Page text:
CITY POINT, VA., July 6, 1864—3 p. m.

(Received 7th.) Major-General HALLECK,

Washington, D. C.: A part of the force directed by me to go north is already off, and the whole of it will be in course of an hour or two. It will probably be as well to let it go now, and return it as soon as you deem it perfectly safe to do so. I think there is no doubt but Early's corps is near the Baltimore and Ohio road, and if it can be caught and broken up it will be highly desirable to do so. It is important to our success here that another raid should be made up the Shenandoah Valley, and stores destroyed and communications broken.


Lieutenant General.

WASHINGTON, July 6, 1864–5. p. m.

(Received 7th.) Lieutenant-General GRANT,

City Point, Va.: Please give me an estimate of the number of dismounted cavalry sent in order that I may provide remounts. They should bring their equipments with them. It appears that General Sigel had no scouts out to give notice of the enemy's approach, and be seems to guess at their numbers, estimating them from 7,000 to over 30,000. Other estị.

mates are from 20,000 tu 30,000. I think there is no further doubt about Ewell's corps. Probably, also, Breckinridge's, Imboden's, Jackson’s, and Mosby's commands. If so, the invasion is of a pretty formidable character. I have hurried General Hunter forward, but get no reply from him. I fear that the railroad is so much injured that his advance will be slow. Can you send a good major-general to command in the field till Hunter arrives? I think General Augur should not leave Washington.

II. W. HALLECK, Major-General and Chief of Staff

WASHINGTON, July 6, 1861–10 p. m. Lieutenant General GRANT,

City Point, l'a.. General Augur is of opinion that one regiment of heavy artillery should be returned to Washington, to be distributed among the 100days' militia in the forts, as the latter are not sufficiently instructed in the use of heavy batteries.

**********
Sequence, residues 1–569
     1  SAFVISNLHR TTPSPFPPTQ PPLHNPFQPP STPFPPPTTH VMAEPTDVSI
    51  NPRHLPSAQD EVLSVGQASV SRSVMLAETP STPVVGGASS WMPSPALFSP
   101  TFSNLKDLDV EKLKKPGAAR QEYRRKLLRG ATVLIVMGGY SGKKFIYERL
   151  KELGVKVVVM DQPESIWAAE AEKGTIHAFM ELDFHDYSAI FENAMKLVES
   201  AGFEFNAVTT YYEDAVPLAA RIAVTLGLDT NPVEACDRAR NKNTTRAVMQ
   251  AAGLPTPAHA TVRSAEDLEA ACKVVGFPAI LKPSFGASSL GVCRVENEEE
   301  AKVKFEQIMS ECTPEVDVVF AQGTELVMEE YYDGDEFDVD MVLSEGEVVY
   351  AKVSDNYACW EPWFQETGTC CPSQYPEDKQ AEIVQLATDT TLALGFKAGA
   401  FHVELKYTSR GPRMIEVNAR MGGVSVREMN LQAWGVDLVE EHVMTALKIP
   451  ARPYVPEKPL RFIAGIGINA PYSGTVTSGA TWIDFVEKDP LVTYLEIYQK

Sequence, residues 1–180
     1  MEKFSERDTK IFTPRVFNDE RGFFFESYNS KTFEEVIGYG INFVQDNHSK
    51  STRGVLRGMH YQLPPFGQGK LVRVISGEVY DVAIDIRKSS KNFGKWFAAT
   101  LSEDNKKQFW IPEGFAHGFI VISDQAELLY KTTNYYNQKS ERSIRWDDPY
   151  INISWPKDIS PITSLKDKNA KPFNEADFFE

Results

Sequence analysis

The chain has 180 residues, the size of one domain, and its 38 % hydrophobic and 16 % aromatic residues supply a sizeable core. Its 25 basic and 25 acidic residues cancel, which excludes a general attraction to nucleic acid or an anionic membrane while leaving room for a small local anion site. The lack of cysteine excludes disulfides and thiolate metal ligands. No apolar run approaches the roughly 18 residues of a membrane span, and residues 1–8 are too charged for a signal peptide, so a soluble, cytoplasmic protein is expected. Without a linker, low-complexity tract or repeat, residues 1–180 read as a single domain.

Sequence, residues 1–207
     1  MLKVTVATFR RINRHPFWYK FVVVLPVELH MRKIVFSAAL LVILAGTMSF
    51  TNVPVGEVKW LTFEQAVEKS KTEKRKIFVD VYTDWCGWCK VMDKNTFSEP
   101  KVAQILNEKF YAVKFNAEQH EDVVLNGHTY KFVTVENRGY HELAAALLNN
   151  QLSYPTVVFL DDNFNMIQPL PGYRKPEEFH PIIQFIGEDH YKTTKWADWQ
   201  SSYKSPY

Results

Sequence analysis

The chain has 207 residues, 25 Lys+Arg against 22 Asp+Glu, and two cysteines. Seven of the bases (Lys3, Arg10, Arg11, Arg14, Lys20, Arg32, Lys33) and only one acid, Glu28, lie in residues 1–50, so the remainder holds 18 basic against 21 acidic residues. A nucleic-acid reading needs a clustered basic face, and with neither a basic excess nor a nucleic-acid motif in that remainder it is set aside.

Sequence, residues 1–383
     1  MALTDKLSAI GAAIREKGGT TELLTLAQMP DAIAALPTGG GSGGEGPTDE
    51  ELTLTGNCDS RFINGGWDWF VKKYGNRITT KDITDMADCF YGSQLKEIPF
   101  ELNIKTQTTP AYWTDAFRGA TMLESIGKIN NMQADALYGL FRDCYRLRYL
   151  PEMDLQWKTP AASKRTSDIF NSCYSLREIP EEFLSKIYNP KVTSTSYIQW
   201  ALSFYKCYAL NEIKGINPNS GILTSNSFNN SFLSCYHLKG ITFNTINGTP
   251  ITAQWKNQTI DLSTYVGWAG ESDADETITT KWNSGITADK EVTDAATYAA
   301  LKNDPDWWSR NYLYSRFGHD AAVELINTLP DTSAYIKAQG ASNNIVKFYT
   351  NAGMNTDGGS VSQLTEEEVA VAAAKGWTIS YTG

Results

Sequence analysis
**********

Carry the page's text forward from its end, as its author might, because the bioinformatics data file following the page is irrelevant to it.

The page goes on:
II. W. HALLECK, Major General and Chief of Staff


July 6, 1864--1.30 a. m. Lieutenant-General GRANT:

Your two dispatches received.* I have ordered a strong divisioni of the Sixth Corps to report to City Point as soon as possible, and directed General Sheridan to report to General Ingalls the number of dismounted cavalry of his command at once.



CITY POINT, July 6, 1861–9.40 (t, m. Major-General MEADE:

GENERAL: Please direct the troops ordered to Washington to proceed via Baltimore; and from Baltimore to report by telegraph to MajorGeneral Ilalleck, chief of staff of the army, for orders. By command of Lieut. Gen. U. S. Grant:


Brigadier General, dc.


July 6, 1861–10.30 a. m. Lieutenant-General GRANT:

General Wright reports the division sent to Washington will amount to nearly 5,000 men. General Sheridan reports over 2,500 dismounted men equipped and some 1,500 dismounted and unequipped. He has been

* See July 5, p. 6.

directed to send them to Washington, as they can be equipped more rapidly there than here, and be put to some service at once. This will make nearly 9,000 men sent from this army, which I trust will meet the exigency, as I should be reluctant to spare any more. Everything was quiet yesterday and last night with the exception of General Burnside, who opened a battery on what he believed to be a working party of the enemy during the night,



CITY POINT, VA,, July 6, 1864-11.30 a, m, Major-General MEADE,

Commanding, &c. : I have no doubt but that the force you have sent to Washington will prove sufficient, and not only that, but that they will speedily return, the cavalry fully mounted and equipped. Hunter has got a portion of his force up to the enemy, and is concentrating the balance as rapidly as possible. If they succeed in nearly annihilating Ewell, Breckinridge, &c., Hunter will be able to move through to Charlottesville and utterly destroy the railroad and canals without the help of the troops sent from here.



CITY POINT, VA., July 6, 1864–11,35 a, m, Major-General MEADE,

Commanding, cc.: The troops going to Washington need not take teams, ambulances, or ammunition, except what they carry in boxes. I expect them back here so soon that there is no necessity for transporting the teams back and forth. Besides there is now in Washington about 600 teams ready for issue, if necessary.




July 6, 1864-2.10 p. m. Lieutenant-Colonel BOWERS:

Just before this army left Brandy Station the lieutenant-general commanding verbally instructed me to move with 150 rounds of smallarm ammunition per man, 50 rounds to be carried on the person and 100 rounds in the wagons, and for the transportation of small-arm ammunition five wagons were allowed for every 1,000 men. Special Orders, No. 14, of June 28, 1864, from your headquarters, provide three wagons only for every 1,000 men for the transportation of small-arm ammunition. It is estimated that 1,000 rounds of small-arm ammuni. tion weigh about 100 pounds, and under the allowance of three wagons per 1,000 men, each wagon would have to carry about 3,300 pounds besides the forage for the team. It is respectfully submitted that with this weight the wagons would be considerably overloaded, and I have therefore the honor to request that I may be informed whether in reduc


« PreviousContinue »